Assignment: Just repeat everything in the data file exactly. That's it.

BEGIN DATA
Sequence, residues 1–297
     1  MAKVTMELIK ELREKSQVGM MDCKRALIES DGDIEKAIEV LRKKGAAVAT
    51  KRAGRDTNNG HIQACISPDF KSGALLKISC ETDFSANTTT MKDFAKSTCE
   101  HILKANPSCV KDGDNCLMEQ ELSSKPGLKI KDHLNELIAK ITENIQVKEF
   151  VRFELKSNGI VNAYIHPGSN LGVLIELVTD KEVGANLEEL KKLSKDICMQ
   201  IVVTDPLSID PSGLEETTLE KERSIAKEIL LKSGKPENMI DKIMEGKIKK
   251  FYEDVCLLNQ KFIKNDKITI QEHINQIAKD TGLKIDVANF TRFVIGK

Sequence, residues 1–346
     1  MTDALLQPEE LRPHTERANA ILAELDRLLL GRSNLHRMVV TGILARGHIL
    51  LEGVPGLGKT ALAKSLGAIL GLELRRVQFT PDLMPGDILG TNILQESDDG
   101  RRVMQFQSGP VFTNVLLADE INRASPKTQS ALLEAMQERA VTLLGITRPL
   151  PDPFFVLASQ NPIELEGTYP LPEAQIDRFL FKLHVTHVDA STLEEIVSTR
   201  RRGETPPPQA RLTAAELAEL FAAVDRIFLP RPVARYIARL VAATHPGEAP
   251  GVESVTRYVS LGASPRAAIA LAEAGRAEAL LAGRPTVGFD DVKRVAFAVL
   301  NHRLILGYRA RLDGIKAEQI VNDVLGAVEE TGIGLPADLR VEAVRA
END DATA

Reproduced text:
Sequence, residues 1–297
     1  MAKVTMELIK ELREKSQVGM MDCKRALIES DGDIEKAIEV LRKKGAAVAT
    51  KRAGRDTNNG HIQACISPDF KSGALLKISC ETDFSANTTT MKDFAKSTCE
   101  HILKANPSCV KDGDNCLMEQ ELSSKPGLKI KDHLNELIAK ITENIQVKEF
   151  VRFELKSNGI VNAYIHPGSN LGVLIELVTD KEVGANLEEL KKLSKDICMQ
   201  IVVTDPLSID PSGLEETTLE KERSIAKEIL LKSGKPENMI DKIMEGKIKK
   251  FYEDVCLLNQ KFIKNDKITI QEHINQIAKD TGLKIDVANF TRFVIGK

Sequence, residues 1–346
     1  MTDALLQPEE LRPHTERANA ILAELDRLLL GRSNLHRMVV TGILARGHIL
    51  LEGVPGLGKT ALAKSLGAIL GLELRRVQFT PDLMPGDILG TNILQESDDG
   101  RRVMQFQSGP VFTNVLLADE INRASPKTQS ALLEAMQERA VTLLGITRPL
   151  PDPFFVLASQ NPIELEGTYP LPEAQIDRFL FKLHVTHVDA STLEEIVSTR
   201  RRGETPPPQA RLTAAELAEL FAAVDRIFLP RPVARYIARL VAATHPGEAP
   251  GVESVTRYVS LGASPRAAIA LAEAGRAEAL LAGRPTVGFD DVKRVAFAVL
   301  NHRLILGYRA RLDGIKAEQI VNDVLGAVEE TGIGLPADLR VEAVRA